Here is the full question:

If $T$ is a symmetric bilinear form on vector space $V$, and let $U$ be a finite dimensional subspace of $V$, then $V=U+U^{\bot}$,

where $U^{\bot}$ is the orthogonal complement for $U$, given by $U^{\bot}=\{v \in V \mid T(u,v)=0\}$.

How does one prove that $V=U+U^{\bot}$?

We haven't introduced inner product spaces in class yet, and I understand that if $T$ was the inner product, standard proofs use: assume if $V \neq U + U^{\bot}$, there exists a vector $\alpha$ such it is orthogonal for all $\beta \in \text{span}(U,U^{\bot})$, implies $<\alpha, \beta>=0$, which implies $\alpha \in U^{\bot}$, contradiction.

But in this case, I cannot assume that $T$ is not an inner product? Are there any hints on how I can prove this statement?

  • $\begingroup$ You need more conditions on your bilinear form. The question as currently stated is not true, as the zero bilinear form and $U = V$ gives counter example. $\endgroup$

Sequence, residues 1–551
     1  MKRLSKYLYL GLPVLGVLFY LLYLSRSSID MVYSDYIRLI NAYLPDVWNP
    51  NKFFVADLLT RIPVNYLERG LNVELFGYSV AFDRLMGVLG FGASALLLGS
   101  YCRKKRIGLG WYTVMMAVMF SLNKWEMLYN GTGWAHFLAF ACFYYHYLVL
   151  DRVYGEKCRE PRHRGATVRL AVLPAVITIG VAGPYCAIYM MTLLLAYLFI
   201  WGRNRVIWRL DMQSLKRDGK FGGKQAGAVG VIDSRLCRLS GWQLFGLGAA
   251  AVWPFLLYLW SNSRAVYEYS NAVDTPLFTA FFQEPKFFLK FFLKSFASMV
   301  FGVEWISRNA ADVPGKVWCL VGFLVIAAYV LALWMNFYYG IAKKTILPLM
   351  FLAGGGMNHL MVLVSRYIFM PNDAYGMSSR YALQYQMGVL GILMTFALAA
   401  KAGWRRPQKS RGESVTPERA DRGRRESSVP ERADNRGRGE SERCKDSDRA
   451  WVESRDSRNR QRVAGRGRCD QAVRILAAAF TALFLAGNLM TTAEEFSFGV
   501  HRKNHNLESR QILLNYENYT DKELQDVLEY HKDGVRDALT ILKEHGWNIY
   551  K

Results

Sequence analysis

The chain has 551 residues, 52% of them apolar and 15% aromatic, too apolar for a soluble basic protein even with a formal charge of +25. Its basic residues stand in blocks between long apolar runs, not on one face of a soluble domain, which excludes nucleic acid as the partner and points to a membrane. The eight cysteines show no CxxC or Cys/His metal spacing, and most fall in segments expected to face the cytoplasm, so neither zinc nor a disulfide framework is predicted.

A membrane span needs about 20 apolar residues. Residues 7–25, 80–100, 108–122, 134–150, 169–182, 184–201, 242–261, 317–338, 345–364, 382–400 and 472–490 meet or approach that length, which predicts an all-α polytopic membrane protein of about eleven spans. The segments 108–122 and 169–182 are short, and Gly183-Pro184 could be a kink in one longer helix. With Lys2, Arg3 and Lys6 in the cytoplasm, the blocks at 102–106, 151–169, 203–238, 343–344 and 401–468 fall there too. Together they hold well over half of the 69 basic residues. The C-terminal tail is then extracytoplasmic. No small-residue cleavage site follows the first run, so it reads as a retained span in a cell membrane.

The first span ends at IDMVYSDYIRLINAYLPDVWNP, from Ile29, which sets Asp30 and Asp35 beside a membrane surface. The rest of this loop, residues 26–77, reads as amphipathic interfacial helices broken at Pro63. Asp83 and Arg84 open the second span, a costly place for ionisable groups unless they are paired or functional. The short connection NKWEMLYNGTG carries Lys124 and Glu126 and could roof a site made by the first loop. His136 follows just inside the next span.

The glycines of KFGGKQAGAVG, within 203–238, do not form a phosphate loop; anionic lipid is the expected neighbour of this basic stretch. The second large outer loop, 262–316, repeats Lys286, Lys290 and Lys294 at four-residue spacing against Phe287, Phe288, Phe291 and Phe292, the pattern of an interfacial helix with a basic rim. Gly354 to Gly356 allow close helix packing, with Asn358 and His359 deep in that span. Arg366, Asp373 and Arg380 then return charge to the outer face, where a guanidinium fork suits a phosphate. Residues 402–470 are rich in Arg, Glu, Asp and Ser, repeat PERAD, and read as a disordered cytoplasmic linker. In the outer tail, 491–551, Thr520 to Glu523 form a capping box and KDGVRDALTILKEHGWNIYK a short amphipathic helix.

– WhatsUp
    Mar 20, 2020 at 3:53
  • $\begingroup$ If T wasn't the zero bilinear forms, are there any counterexample? What further conditions do you need? Are those the axioms of inner product spaces? $\endgroup$ Mar 20, 2020 at 4:41
  • 2
    $\begingroup$ This is not true even if you assume that $T$ is non-degenerate (e.g. take some lightlike plane in Minkowski space). You do get at least that the dimensions of $U$ and $U^\perp$ add up to the dimension of $V$, provided either $T$ or $T|_U$ is non-degenerate. $\endgroup$
    – Ivo Terek
    Mar 20, 2020 at 7:11

1 Answer 1


I believe this is not true in general. Take $A=\left(\begin{array}{rrr} 1 & 1 & 1 \\ 1 & 1 & 0 \\ 1 & 0 & 0 \end{array}\right)$ and define $T(u,v)=u^T A v$, the symmetric bilinear form.

Let $W=\text{span}\{(1,-1,0)\}$. Then the only vectors that fulfils $(a,b,c)\left(\begin{array}{rrr} 1 & 1 & 1 \\ 1 & 1 & 0 \\ 1 & 0 & 0 \end{array}\right) \left(\begin{array}{r} 1 \\ -1 \\ 0 \end{array}\right)$

is such that $(a,b,c) \left(\begin{array}{r} 0 \\ 0 \\ 1 \end{array}\right)=0$ has dimension 2, but since every vector in $W$ satisfies this equation as well, $W \subset W^{\bot}$ and their sum cannot be possibly equal to $V$.


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